Murray won't accept defeat
Why should Andy Murray accept that Federer, Nadal and Djokovic are simply better than he is (James Lawton, 12 September)? Murray is a world-level professional sportsman and would never merely accept that a player standing opposite him is better – especially not in terms of talent, which at this level is a term used with little relevance when discussing the differences between players. More meaningless yet is that old favourite of the sports hack – that a person was or was not "born" to achieve something.
All players at the top level have supreme talent – the margins between them in this regard are negligible. The recipe for winning top competitions in any sport includes talent, but there are other, more relevant factors, which players and their teams have the possibility to influence.
Cameron and Co are determinedly pursuing policies designed to make the UK more like the US. America has one in six people living below the poverty line. What is Cameron's target? Will he settle for 10 million Britons living in poverty, or does he intend to beat the US percentage?
You report that scientists are "pioneering a novel way of recycling that turns orange peel into plastic". Arguably the cause of recycling will be better served when they can turn plastic into orange peel.
Perspectives on rogue traders
Save those bonuses
I imagine the bankers at UBS are finding themselves in a quandary. How can they possibly justify their bonuses if they've somehow managed not to notice a billion or so missing from the petty cash.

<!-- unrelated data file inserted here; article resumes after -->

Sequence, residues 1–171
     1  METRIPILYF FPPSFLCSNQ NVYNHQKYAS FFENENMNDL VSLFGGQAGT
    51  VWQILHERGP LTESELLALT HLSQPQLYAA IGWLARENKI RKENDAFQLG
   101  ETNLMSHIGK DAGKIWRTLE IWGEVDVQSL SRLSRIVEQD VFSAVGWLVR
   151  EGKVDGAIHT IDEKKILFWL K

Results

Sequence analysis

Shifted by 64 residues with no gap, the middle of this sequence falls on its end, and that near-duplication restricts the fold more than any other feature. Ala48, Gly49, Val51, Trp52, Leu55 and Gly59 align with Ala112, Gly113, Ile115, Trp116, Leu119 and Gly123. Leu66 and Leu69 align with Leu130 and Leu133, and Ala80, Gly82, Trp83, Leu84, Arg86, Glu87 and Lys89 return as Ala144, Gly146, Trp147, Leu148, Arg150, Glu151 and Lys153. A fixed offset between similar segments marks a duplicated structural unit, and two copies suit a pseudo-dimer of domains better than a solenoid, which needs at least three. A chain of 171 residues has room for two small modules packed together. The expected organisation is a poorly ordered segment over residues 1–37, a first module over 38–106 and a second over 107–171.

It's easy, boys: just stick an "only"' in front of the £1.3bn and it's bonuses all round again!
Let them go to the wall
The alleged rogue trader scandal that has so far cost UBS £1.3bn shows that George Osborne is either stupid or just protecting his rich banker friends by allowing them until 2019 to separate their "casino" and "high street" banking sections. They must be allowed to go to the wall the same as any other capitalist venture if they cannot be bothered to keep an eye on their own business dealings, which are nothing to do with the taxpayers.
Enniskillen, Co Fermanagh
Are Kweku Adaboli and his supervisors at UBS examples of the talent which would exit Britain if bankers' bonuses were curbed and higher earners made to pay more income tax?
While I find it shocking how UBS have managed to lose around £1.3bn as a result of an "unauthorised" trade, I can't help wondering how many "unauthorised" trades have occurred in recent times and just how much money UBS made from them. Or are they only unauthorised when they result in a loss?